Clinical utilities TPO Abs are a hallmark of AITD and are present in 90–95% of patients with HT and in about 85% of patients with GD (Table 44.1). TPO Abs are also detected in up to 26% of healthy women and up to 9% of healthy men, but the clinical significance of low levels of TPO Abs in euthyroid healthy subjects is unknown. AITD are associated with a spectrum of other autoimmune diseases such as type 1 diabetes and autoimmune polyglandular syndromes, and circulating TPO Abs are present in the sera of these patients and are used to diagnose concurrent AITD. The detection of TPO Abs is important not only for the diagnosis of AITD predicting thyroid autoimmunity since it also represents a risk factor for the development of autoimmune thyroiditis in several conditions (Table 44.2) [6,9]. In contrast, Tg Abs are present in 20–90% of patients with HT (reviewed in [13,14]), in 50–60% of patients with GD (reviewed in ), and in 10–26% of healthy adults (Table 44.1) (reviewed in [11–13]). Thus, Tg Abs are less predictive of overt thyroid dysfunction than TPO Abs and have less predictive value for the development of hypothyroidism. Therefore, measuring Tg Abs levels may not be necessary for the diagnosis of AITD in iodine-sufficient areas. However, in patients with high clinical suspicion of AITD and negative TPO Abs, measuring Tg Abs is useful in establishing the presence of thyroid autoimmunity. Tg Abs are also useful in the follow-up of thyroid cancer patients since 20% of thyroid cancer patients have Tg Abs and the presence of Tg Abs in the serum interferes with the measurement of Tg levels, a marker of disease recurrence (Table 44.2) (reviewed in ).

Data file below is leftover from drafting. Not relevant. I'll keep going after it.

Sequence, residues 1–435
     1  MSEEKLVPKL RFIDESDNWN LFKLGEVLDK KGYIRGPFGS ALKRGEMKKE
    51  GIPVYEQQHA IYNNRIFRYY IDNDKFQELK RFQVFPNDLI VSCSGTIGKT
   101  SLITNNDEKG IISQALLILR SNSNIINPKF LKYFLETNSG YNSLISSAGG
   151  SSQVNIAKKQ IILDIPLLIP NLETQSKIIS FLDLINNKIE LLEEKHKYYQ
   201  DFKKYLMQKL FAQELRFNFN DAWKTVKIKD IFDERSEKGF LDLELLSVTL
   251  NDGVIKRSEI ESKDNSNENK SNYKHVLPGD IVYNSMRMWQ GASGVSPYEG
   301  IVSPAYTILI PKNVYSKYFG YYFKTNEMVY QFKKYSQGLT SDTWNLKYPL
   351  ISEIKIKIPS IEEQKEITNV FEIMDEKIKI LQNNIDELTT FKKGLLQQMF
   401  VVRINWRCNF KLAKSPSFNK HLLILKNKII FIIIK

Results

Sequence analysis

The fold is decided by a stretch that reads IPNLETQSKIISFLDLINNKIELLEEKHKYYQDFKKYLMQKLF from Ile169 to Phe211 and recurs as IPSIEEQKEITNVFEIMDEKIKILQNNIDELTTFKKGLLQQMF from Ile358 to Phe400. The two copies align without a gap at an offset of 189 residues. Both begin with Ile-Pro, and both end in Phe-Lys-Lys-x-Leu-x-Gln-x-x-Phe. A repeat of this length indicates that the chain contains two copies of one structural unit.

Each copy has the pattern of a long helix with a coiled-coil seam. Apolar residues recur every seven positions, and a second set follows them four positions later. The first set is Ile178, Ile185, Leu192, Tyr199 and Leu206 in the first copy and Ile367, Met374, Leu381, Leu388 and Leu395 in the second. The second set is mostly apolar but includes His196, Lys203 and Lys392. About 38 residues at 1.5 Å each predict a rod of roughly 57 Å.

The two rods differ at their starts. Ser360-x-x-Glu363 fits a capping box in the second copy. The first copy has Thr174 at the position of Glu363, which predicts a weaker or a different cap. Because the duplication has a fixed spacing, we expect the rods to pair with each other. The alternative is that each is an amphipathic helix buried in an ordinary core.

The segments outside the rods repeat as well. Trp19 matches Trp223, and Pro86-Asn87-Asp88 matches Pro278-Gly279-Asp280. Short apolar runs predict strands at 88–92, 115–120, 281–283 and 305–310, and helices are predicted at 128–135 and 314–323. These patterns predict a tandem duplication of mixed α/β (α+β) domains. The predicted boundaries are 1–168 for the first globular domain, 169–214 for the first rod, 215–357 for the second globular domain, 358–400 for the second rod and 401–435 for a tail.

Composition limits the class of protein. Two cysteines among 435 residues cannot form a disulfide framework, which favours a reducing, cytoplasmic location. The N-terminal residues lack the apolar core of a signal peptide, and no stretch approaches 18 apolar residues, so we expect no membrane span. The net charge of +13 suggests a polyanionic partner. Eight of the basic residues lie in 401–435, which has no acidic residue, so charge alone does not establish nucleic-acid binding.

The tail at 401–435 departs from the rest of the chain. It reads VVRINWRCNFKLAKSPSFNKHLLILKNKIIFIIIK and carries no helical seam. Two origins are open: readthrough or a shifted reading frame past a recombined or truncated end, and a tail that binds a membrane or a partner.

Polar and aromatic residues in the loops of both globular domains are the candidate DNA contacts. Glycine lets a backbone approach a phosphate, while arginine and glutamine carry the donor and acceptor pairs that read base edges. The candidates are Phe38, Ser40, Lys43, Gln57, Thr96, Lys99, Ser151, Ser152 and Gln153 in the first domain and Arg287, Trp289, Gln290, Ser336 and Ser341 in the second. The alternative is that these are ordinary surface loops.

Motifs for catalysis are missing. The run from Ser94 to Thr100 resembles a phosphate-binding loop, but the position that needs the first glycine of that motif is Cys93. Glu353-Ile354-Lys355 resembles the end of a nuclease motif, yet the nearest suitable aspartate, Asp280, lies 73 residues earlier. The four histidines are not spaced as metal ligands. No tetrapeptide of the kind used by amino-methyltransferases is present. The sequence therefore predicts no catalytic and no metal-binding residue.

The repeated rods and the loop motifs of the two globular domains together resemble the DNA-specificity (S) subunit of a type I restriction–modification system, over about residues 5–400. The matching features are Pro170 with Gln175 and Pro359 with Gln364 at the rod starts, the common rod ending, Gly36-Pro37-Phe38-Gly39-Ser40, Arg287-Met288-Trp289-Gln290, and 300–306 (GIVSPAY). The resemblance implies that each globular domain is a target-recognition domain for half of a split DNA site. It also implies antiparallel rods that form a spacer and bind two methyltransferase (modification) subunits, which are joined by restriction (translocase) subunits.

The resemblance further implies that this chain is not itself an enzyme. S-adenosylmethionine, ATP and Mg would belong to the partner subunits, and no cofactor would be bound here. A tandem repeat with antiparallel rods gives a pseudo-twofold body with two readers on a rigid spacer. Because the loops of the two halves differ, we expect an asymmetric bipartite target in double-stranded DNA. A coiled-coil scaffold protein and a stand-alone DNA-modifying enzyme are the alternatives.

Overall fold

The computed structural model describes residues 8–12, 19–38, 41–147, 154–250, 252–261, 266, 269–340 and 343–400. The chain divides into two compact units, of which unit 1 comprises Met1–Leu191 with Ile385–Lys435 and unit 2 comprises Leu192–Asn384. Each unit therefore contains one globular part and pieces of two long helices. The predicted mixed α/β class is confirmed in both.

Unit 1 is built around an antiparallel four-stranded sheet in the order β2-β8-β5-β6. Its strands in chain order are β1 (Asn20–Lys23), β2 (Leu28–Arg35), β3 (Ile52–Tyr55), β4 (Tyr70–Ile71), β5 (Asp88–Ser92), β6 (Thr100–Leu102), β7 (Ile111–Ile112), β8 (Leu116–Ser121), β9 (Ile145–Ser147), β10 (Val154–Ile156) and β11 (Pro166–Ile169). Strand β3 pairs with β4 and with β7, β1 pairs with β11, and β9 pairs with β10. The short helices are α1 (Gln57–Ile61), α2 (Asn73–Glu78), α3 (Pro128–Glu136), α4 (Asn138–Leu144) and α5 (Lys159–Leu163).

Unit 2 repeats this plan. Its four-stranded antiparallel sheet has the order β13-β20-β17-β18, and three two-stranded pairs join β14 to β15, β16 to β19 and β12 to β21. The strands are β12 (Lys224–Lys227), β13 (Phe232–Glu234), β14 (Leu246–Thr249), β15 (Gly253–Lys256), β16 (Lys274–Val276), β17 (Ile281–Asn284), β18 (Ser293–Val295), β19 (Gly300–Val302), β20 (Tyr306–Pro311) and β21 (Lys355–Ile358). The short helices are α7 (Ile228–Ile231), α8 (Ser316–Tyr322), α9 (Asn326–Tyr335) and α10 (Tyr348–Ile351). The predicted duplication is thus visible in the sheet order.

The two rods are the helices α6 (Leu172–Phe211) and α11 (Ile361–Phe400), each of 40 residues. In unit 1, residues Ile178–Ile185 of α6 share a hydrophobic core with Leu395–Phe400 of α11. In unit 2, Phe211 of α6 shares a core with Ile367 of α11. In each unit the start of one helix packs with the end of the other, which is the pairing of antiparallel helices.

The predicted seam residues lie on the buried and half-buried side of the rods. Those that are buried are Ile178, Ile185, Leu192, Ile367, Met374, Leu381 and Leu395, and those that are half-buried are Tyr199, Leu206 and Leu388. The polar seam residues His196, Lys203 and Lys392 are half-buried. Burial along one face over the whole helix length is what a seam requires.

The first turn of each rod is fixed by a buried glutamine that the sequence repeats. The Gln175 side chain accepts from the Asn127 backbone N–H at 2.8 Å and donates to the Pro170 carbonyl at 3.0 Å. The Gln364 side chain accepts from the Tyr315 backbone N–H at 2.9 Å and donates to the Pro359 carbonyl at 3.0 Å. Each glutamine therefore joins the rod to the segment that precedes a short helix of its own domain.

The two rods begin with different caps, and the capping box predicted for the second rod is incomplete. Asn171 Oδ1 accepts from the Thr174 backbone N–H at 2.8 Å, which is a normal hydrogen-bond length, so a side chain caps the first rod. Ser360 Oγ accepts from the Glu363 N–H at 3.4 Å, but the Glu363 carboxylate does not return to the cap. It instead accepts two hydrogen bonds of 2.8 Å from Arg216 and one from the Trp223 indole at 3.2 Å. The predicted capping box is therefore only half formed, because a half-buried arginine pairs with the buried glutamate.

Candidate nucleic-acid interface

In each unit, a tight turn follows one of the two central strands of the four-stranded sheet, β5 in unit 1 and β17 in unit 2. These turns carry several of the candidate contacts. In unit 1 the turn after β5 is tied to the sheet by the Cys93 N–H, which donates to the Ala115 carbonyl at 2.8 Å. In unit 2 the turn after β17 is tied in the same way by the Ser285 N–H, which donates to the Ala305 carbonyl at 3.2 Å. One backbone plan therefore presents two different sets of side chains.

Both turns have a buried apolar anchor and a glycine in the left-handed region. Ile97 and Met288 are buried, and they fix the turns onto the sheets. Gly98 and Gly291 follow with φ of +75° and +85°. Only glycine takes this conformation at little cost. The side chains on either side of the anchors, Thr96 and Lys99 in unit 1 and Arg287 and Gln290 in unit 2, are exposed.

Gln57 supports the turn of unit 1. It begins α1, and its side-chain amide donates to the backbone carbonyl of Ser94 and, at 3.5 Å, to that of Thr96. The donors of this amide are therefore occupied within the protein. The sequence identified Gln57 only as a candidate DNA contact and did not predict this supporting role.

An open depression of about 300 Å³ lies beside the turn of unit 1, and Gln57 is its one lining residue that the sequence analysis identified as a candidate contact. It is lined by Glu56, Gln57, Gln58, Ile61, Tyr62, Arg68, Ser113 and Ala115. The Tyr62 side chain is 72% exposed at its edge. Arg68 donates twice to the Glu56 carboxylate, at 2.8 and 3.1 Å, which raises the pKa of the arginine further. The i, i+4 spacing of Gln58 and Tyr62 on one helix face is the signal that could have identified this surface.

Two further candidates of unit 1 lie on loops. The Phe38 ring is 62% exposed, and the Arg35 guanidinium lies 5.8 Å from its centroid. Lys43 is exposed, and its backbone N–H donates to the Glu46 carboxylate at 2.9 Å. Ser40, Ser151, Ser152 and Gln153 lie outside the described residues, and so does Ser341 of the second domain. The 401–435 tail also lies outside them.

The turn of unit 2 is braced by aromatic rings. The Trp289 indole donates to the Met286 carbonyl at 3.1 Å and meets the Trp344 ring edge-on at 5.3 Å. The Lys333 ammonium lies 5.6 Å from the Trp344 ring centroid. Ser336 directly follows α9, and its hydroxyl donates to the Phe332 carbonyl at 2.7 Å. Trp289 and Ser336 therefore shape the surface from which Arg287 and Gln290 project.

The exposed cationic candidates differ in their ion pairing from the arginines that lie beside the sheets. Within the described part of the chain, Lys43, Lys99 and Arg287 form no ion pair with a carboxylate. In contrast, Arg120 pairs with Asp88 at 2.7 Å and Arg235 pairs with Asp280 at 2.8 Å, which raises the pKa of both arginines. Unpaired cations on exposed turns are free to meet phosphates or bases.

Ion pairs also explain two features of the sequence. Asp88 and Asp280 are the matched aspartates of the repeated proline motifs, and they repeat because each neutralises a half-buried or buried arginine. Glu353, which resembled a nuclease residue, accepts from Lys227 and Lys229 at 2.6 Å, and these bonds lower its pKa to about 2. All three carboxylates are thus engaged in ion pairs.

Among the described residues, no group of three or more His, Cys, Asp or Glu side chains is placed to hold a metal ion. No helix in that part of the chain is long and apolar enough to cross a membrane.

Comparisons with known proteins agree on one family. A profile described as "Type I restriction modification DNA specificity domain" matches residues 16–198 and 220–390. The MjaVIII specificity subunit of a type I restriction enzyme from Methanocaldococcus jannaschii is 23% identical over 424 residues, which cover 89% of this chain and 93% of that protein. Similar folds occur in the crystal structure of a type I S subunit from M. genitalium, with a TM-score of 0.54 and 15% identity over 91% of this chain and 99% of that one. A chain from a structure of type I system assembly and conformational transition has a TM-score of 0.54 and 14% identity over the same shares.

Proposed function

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Table 44.2 Indications for Thyroid Autoantibody Measurement Indications for measurement of TPO antibodies • D iagnosis of autoimmune thyroid diseases (Graves disease, Hashimoto thyroiditis, subclinical hypothyroidism) • Diagnosis of PPT • As a risk factor for AITD in patients with nonthyroid tissue-specific and systemic autoimmune diseases • As a risk factor for thyroid dysfunction or hypothyroidism before and during amiodarone, lithium, interferon-alfa, or aldesleukin therapy • As a risk factor for hypothyroidism in Down syndrome patients • As a risk factor for thyroid dysfunction during pregnancy and for PPT • As a risk factor for spontaneous miscarriage Indications for measurement of Tg antibodies • D iagnosis of Hashimoto thyroiditis and PPT in patients who are negative for TPO antibodies • May be helpful in identifying patients with AITD in the presence of a goiter in iodine deficient areas • In thyroid cancer follow-up to assess disease recurrence AITD: autoimmune thyroid disease; PPT: postpartum thyroiditis; Tg: thyroglobulin; TPO: thyroid peroxidase.
Take-home messages • T PO and Tg are major antigens in AITDs, GD, and HT. • The measurement of TPO and Tg autoantibodies has clinical value, including the prediction of thyroid dysfunction in several risk groups. • TPO Ab epitopes are limited to a conformational IDR located predominantly on an MPO-like fragment comprising two closely related domains A and B. • The Tg gene is a major gene for thyroid autoimmunity, suggesting that it is the primary antigen triggering thyroid autoimmunity. • Further investigation would enhance our understanding not only of the diagnostic role of TPO and Tg antibodies in patients with AITD but also of their role in the pathogenesis of AITD.